What is FERPA?
FERPA is the Family Educational Rights and Privacy Act of 1974, also known as the Buckley Amendment. This law is designed to protect student privacy on higher education campuses. FERPA gives students the following three rights:
- The right generally to control the disclosure of their educational records to others.
- The right to inspect and review their personal educational records.
- The right to seek changes or amendments to their educational records.
With those rights in mind, let’s go one step further to define “educational records.” According to the law, to qualify as an educational record, these documents have to be related to the student and maintained by an educational agency or their agent. “Record” means any recorded information including, but not limited to, handwriting, print, computer media, video or audio tape, film, microfilm and microfiche; however, the law does not require that the school keep any specific records.
So, what should you do as an institution to avoid FERPA pitfalls when it comes to requests for student educational records?
- Train your staff on FERPA. Since it is a federal guideline, there are a lot of great trainings in the marketplace on the topic. Helpful Hint: Try the U.S. Department of Education’s Paper of “FERPA General Guidance for Students” located here.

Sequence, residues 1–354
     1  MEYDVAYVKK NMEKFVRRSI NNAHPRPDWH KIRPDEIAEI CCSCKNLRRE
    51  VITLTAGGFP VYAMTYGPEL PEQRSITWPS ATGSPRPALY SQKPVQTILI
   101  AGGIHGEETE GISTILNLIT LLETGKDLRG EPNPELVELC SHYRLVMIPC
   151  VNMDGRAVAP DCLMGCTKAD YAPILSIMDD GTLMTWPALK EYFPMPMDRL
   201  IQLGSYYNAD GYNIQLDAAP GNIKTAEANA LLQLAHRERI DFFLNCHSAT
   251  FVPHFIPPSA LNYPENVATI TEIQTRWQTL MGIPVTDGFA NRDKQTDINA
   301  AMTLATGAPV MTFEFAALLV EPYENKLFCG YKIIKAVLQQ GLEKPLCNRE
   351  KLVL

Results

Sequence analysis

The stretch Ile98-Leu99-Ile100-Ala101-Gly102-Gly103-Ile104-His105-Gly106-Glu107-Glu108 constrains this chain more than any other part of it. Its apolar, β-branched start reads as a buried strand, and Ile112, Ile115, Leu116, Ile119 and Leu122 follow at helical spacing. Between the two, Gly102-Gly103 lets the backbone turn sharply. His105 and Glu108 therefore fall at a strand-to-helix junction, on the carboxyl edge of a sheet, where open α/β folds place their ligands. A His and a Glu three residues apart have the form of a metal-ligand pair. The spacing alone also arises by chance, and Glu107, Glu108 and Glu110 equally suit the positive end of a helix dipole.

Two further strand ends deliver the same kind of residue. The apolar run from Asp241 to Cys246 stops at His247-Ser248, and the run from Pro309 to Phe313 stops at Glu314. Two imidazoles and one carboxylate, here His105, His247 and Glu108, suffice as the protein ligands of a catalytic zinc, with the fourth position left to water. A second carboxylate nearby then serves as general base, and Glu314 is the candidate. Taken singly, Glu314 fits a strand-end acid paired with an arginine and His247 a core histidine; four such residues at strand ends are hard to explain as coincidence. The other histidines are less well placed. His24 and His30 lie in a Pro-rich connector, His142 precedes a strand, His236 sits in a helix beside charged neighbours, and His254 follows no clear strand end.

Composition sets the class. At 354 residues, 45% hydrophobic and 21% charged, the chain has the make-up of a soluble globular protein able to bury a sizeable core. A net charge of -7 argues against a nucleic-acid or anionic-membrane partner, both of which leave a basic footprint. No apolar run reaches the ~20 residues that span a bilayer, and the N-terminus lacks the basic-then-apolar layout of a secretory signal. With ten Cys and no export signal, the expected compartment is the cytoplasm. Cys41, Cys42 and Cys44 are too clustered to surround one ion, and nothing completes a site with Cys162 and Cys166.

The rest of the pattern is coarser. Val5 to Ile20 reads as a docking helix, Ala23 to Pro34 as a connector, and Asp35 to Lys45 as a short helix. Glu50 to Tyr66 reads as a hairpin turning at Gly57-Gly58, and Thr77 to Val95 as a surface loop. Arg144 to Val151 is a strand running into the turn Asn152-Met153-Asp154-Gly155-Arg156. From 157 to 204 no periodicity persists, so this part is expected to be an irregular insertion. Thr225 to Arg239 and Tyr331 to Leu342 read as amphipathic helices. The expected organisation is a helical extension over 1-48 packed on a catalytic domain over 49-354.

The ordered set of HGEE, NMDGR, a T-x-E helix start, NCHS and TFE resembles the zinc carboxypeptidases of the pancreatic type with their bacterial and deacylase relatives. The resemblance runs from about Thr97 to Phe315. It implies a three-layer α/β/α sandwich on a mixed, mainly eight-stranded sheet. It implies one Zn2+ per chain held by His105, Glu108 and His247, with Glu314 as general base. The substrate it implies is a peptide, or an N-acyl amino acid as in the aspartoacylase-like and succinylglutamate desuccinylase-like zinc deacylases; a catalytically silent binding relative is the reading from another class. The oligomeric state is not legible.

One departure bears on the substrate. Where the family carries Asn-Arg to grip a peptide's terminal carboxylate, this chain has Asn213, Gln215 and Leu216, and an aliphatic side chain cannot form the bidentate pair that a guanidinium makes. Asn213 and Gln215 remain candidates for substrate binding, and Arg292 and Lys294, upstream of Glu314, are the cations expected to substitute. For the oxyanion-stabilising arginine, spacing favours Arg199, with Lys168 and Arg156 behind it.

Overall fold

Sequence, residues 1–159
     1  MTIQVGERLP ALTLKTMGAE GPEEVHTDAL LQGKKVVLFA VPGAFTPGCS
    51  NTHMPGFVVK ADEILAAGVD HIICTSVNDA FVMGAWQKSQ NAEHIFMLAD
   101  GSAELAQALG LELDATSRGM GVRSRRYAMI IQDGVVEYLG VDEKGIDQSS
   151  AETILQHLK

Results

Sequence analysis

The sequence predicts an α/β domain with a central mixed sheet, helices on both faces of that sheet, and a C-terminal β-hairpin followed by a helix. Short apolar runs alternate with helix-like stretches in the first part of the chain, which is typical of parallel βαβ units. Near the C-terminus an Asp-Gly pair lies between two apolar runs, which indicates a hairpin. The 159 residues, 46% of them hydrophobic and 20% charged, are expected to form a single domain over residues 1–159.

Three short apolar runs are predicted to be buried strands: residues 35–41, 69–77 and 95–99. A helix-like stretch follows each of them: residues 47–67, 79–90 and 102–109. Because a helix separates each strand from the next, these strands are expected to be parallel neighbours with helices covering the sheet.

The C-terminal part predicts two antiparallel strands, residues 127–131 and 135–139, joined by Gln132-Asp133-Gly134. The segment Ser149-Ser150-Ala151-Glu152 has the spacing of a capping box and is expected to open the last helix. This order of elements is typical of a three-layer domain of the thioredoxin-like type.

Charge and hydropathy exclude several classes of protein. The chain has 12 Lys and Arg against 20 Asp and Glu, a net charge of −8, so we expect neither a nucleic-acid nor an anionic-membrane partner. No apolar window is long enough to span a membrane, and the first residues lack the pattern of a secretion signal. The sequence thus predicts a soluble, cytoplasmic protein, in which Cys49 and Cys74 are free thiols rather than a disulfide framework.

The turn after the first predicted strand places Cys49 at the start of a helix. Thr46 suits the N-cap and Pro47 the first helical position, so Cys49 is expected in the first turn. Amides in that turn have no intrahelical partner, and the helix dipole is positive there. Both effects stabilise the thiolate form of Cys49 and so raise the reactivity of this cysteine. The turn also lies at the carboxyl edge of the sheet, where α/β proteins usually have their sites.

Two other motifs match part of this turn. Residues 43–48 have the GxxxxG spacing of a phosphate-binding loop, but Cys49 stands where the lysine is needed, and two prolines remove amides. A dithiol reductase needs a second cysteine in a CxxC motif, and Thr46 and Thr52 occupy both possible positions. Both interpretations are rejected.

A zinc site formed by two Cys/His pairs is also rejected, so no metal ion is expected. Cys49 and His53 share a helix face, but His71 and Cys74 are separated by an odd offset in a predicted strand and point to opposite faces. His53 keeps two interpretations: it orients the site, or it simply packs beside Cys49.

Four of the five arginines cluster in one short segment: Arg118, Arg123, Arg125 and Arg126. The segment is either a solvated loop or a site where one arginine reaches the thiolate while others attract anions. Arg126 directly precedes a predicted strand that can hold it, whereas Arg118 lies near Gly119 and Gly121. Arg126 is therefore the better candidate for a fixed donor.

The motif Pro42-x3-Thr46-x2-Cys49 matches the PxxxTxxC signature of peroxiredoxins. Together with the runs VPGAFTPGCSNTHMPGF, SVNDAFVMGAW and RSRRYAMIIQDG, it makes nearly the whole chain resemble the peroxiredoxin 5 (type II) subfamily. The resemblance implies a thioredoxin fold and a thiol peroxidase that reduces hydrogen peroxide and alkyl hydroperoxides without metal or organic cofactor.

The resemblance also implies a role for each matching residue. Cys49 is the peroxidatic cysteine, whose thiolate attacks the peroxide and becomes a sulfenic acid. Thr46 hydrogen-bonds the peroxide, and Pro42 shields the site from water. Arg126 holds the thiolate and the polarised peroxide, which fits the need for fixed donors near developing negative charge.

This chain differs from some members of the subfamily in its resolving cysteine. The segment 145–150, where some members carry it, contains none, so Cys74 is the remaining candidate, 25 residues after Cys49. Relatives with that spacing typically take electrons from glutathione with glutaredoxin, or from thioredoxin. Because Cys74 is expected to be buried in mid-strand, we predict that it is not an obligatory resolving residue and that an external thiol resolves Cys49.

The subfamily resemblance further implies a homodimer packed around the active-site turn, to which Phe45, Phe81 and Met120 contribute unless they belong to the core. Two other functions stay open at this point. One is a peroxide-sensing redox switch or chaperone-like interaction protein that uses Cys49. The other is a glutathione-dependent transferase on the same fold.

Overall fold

- Have a signed and dated written consent from all relevant students specifying the records to be disclosed, the purpose for which they can be disclosed, and the person or classes to whom they may be disclosed.
- Have a policy explaining the distribution of defined directory information (including name, address, email address, telephone number, photograph, major, dates of attendance, degrees and honors) which is not considered generally harmful to distribute and includes the student’s opportunity to “opt out.” Helpful Hint: Students cannot use the “opt out” provision to prevent disclosure of name and institutional address.
What about faculty?
- Don’t post grades by name; post only by anonymous number and not in alphabetical order.
- Don’t have self-service pick up of exams.
- Don’t write a letter of recommendation unless you have a signed consent.
- Don’t talk to parents unless you have a signed consent from the student.
- Be careful about what you share about students, what you write down and how you dispose of it.
- Be cautious about emails and other electronic communications. Utilize official emails whenever possible to ensure that you are only sharing information with the student. Never put grades in an email.
As always, have a policy and follow it!
Rockwell’s Recommendation: Because student information cannot be given out to third parties, what do you do if someone needs to reach the student because of an emergency? All such inquiries should be directed to campus police. Do not provide anyone (other than college employees) with student schedules or aid anyone in finding a student on campus.